How to be a Christian: As Told by Hindus and Children


It was last September and, emotionally,  I was perhaps in the worst place I had ever been. I had experienced my first real heartbreak and was not taking it well at all. Between anger and grief, I a felt like a burden to be around, even to myself, and then I received an email invitation to a special celebration, Ganesha festival.

About a year prior to the invite, I met this family, the Pattekars, through my work at a children’s museum. I was planning the next in the series of events that were to celebrate the cultural and religious diversity of Peoria and Central Illinois. In this one facet of my job, I was responsible for reaching out to people in my new community about sharing who they were with children and their families. We would plan art activities together, demonstrations, and such. Over time, I met and collaborated with all kinds of people. In the process of helping kids learn to recognize and appreciate the differences and similarities of us all. I have found that, at their best, children many times are the most Jesus that I encounter on a daily basis. When nurtured properly, I have known them to be accepting and full of awe. I’ve seen children bow down in prayer with Muslims they don’t know or ask curious questions. It stands in bold contrast, to hateful ways, I have seen adults react to differences. We could all learn a lot from children.

Out of all the people I worked with, the Pattekar family held a special place in my heart. After the first time collaborating with them on a Hindu holiday event at the museum, we exchanged numbers and became Facebook friends. I was embraced (literally) with immediate affection with a surprising sincerity. Here I am Black and Christian and them Indian and Hindu; it’s frankly, not a combination you ever see in America. They invited me into their home and called themselves my family. Even in my grim attitude, my curiosity was peaked and I felt humbled someone wanted me around -- so I went. Plus, I was promised a full belly. How could I not?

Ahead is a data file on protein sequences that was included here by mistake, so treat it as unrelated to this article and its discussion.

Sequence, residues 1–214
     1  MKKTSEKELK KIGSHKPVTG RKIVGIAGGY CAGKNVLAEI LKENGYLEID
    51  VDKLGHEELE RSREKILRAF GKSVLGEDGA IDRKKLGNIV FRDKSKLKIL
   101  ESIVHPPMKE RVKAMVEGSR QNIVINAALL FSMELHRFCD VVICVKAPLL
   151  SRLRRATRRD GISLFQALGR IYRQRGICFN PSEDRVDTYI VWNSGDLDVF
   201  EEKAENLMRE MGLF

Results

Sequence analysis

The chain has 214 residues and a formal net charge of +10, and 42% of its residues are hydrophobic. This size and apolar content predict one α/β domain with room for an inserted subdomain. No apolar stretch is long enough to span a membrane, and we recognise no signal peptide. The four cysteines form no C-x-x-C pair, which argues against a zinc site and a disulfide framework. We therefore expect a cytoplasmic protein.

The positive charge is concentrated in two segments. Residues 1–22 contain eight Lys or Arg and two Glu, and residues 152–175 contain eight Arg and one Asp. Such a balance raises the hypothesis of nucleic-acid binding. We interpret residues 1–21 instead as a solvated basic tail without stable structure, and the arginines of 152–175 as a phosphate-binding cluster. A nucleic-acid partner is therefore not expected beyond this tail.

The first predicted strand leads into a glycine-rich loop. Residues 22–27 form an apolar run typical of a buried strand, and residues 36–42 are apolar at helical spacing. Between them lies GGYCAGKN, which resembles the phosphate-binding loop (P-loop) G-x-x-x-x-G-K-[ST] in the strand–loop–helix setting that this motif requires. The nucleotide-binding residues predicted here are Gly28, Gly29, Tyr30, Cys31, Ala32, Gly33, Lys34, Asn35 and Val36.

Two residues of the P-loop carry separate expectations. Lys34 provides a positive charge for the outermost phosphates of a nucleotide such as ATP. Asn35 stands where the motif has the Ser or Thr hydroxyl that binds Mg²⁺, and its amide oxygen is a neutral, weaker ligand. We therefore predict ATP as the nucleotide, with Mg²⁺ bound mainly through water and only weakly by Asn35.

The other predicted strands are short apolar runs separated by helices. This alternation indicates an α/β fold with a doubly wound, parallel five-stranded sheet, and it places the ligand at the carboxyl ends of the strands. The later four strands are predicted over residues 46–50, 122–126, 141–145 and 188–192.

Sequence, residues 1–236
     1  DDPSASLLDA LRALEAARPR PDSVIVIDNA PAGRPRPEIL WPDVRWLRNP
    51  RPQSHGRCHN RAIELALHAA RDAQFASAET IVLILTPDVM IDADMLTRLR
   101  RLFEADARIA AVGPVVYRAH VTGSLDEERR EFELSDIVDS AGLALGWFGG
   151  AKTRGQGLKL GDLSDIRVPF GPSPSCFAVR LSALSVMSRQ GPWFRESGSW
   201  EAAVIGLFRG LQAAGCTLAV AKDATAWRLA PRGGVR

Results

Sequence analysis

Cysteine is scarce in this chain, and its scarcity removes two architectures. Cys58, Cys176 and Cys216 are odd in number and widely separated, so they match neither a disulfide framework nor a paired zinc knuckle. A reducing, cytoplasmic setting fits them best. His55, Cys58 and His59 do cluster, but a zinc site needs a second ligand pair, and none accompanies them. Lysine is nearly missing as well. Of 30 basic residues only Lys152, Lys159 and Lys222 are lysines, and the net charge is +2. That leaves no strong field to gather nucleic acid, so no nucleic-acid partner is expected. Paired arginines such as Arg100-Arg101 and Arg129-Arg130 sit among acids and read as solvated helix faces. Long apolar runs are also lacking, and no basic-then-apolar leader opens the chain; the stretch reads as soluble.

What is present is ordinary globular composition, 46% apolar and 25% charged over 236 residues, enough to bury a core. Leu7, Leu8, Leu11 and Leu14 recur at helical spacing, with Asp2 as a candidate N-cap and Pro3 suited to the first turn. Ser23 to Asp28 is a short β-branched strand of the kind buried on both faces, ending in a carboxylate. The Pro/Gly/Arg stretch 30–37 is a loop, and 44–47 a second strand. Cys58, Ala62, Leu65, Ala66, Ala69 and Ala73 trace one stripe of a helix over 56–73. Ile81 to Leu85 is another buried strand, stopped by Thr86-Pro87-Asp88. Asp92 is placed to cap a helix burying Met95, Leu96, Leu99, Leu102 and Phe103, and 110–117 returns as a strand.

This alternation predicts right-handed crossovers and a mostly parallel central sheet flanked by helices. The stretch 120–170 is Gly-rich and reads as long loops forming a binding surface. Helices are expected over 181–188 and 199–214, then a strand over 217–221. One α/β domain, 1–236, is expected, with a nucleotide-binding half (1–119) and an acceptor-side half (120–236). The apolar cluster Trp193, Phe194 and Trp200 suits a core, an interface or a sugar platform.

First, let me say I thought there would be other non-Hindus there. There was not. What was there though was a quiet acceptance of me being unfamiliar as chants and music played out in front of an altar to Ganesha, the elephant headed deity (“remover of obstacles”). Others showed me how to play an instrument, smiled, and passed me marigold petals to put on the altar. Many Christians I know would have felt wholly uncomfortable amongst what some would call “idol worship”. Yet, that night I was reminded of a more important lesson about humanity, divinity, and being a Christian. I was told that in Hindu belief everything and everyone is a part of God and if that was true then how could one person not accept another? I thought of “imago Dei”; the concept that all of us are in the image of God (yes, even non-Christians). That night I had an unfamiliar sense of community as we all sat on the floor to share a meal after the worship; maybe this was like the early Church. To some in their community I could have been considered “unclean” and some in the Church would consider them the same but here we were simply having conversations and eating. I was invited not for show or to be converted but because someone wanted to share a little piece of their good thing with me.

I  have been reminded that being a Christian is also about welcoming the supposed “stranger”/”the unclean” with a child-like acceptance. Christianity is a big invitation after all.

Matthew 18:2-5

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Courtney is native of the south suburbs of Chicago, a museum educator, crafter, lover of history and sociology, and much more. She likes to spend her time talking too much (once you get her started), writing lists, being creative, dancing around her apartment, being curious, and making people cackle with laughter. Talk to her anytime and bring tacos.

Christina Hite